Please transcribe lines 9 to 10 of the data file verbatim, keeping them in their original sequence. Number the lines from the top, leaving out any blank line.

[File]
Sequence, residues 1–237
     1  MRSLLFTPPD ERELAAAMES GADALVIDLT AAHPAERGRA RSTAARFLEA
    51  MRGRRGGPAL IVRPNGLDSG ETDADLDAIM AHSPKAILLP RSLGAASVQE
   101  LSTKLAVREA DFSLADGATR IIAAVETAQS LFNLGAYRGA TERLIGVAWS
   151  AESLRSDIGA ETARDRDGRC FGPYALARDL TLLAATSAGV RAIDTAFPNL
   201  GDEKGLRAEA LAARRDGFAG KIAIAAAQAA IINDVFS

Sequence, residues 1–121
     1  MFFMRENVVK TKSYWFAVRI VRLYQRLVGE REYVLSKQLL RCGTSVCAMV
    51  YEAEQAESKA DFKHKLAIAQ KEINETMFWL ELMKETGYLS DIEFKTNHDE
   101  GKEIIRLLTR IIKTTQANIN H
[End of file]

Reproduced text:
    51  YEAEQAESKA DFKHKLAIAQ KEINETMFWL ELMKETGYLS DIEFKTNHDE
   101  GKEIIRLLTR IIKTTQANIN H